Part two of the Marcel Sztejnberg sale features nearly 170 lots, including porcelain and 17th and 18th-century silverware.
Jean II Villain. Paris, c. 1682-1683, vermeil travel kit with a green silk lined case including a cup, cutlery, a folding knife, a nutmeg grater-cum-corkscrew and a condiment box, weight 235 g/8.29 oz.
On February 4, collectors gathered for part one of the Marcel Sztejnberg collection sale. The list of cities in the catalog looks like the Tour de France, from Aix-en-Provence to Dunkerque, Morlaix, Verdun, Aurillac, Bayonne, Caen, Paris and Tours. Part two features a fine set of ragout and olive spoons, including an amusing one by Jean Bardon (1781-1783) of Montpellier with a rotating rosette and a stylized feline's head (€1,500/2,000).
Chambery products are rare at auction. A large shaker decorated with gadroons and lambrequins (1725-1751) by Pierre Dupuy is estimated at €25,000/30,000. A curious-looking pair of shells (1775-1776) imitating scallops, standing on three shell-shaped feet and with coral branch handles by Gabriel Mestre of Bordeaux, is expected to fetch €5,000/6,000. It is modeled on the Orloff service made by Jacques-Nicolas Roëttiers two years earlier. A small braided silver skimmer by Isaac Coutin (Paris, 1677-1703) from the Meyer de Schauensee collection, the only example known to date, has a modest estimate of €1,500/2,000.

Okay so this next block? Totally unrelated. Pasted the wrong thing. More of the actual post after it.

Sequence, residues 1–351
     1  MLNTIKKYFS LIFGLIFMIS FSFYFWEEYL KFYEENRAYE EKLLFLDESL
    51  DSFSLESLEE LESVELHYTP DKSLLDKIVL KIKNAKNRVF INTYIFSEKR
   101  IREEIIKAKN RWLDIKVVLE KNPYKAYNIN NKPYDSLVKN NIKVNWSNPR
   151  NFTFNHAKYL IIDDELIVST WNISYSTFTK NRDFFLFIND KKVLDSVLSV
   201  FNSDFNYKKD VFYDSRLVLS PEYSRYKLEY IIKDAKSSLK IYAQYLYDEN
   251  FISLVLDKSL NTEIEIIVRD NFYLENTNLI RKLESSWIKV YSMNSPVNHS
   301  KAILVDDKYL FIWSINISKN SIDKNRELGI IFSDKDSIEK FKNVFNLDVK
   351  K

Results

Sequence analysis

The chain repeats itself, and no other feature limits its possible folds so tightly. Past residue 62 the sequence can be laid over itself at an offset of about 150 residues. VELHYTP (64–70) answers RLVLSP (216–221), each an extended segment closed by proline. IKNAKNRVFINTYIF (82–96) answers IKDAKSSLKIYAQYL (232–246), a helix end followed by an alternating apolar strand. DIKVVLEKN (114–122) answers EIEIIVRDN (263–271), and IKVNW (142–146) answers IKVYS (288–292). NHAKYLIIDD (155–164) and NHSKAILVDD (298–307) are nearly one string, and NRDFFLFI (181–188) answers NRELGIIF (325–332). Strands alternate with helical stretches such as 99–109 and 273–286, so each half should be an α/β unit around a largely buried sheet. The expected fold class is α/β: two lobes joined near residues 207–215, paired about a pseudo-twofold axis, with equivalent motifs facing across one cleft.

The oldest piece is a late 14th or early 15th-century vermeil-edged silver drinking cup similar to one in the trove of silverware found in the former Hôtel-Dieu de Coëffort in Le Mans (€12,000/15,000) in 1953. Complete with its case and pieces, a "necessary" travel kit by Jean II Villain (see photo) is the only known French example from the period (1682-1683). Its forms, engraved decoration and ingenious system are based on the work of Nuremberg silversmiths. Collectors and museums will be vying for this piece.